Getting the chance to sit down with someone going through these games for the first time is like discovering them all over again, and seeing my wife’s reaction to certain scenes or the way she problem-solves through this puzzle or that challenge is a real treat. I can’t wait to do the same thing with our children when they are of age, and I count my lucky stars every day that I’m with a person that can appreciate something like this just as much as I do.

Saturday, May 24, 2008

Irritation, a work in two parts  

Misc: This week has been pretty damned irritating for a few reasons, but I'm just going with the top two here:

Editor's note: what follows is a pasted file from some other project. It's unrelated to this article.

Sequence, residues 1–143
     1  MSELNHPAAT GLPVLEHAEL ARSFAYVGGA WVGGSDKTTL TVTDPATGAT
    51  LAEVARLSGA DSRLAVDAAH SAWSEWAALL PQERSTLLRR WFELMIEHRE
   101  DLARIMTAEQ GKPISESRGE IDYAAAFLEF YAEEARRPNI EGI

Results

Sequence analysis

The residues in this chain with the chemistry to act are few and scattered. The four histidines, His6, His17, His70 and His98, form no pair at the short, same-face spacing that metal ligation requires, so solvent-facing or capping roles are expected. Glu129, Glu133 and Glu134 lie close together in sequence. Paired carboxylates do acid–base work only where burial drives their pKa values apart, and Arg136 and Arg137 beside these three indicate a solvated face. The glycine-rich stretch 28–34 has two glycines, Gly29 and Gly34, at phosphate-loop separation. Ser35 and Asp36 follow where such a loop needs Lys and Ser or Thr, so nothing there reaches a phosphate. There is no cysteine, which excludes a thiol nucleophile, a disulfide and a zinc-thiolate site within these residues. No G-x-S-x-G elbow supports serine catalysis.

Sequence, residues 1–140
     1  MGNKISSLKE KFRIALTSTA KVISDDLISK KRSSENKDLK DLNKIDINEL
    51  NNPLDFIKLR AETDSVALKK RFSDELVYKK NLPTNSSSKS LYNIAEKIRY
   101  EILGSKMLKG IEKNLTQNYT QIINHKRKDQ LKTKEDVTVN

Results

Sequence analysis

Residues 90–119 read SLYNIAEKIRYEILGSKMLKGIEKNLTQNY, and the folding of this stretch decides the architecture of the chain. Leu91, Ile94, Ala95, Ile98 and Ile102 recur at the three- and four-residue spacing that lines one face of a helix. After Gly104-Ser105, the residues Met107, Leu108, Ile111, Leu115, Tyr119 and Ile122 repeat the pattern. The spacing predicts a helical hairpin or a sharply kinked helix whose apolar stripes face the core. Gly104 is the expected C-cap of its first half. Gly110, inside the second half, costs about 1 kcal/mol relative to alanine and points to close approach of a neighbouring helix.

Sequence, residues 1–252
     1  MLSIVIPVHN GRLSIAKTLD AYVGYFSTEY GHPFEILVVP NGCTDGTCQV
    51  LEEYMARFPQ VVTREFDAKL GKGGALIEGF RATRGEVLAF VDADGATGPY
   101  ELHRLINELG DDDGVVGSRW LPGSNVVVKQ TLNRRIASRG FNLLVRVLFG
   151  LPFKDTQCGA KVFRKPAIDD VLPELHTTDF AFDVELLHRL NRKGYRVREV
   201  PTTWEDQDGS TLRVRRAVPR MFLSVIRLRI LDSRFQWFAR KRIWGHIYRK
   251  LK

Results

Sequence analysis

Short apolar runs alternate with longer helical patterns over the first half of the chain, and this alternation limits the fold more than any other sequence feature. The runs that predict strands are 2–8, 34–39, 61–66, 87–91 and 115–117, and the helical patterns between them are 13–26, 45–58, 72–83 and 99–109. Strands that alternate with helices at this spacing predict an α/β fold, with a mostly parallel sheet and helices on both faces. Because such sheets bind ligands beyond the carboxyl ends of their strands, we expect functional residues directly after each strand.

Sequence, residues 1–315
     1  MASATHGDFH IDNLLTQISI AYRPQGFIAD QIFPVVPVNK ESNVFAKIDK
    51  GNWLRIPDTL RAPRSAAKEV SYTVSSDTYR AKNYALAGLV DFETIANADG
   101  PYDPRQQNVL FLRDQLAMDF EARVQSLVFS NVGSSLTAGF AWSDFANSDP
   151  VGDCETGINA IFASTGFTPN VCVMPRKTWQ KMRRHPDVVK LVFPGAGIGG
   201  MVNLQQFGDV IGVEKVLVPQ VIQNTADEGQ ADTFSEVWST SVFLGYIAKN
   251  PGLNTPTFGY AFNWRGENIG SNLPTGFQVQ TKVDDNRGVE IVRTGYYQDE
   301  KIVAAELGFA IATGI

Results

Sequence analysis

1> The brand-new HDTV I scored at Christmastime blew a part out and I lost all audio.

Not only is it complete crap that it breaks just about six months after purchase (I've still got an SD set that works great after ten years) the guys at Best Buy totally underestimated the time it'd take for repair.

A week, they said.

It's been two now, and the part needed for repairs still hasn't arrived at their shop facility. I mean, it's not like I can't remember life without a dedicated game TV, but it's just a complete hassle to drop cash on a high-end purchase and have it go kaput like that on top of having my already-limited gametime curtailed by not having a TV.

As of right now I'm still without a working TV, and Best Buy's warranty doesn't allow for service loaners.

2> For whatever bizarre reason, some little part of the internet hates me. I haven't been able to get my PC to connect with GameCritics for the last two days, and I've been bouncing around from customer service rep to customer service rep, each one telling me it's not their problem.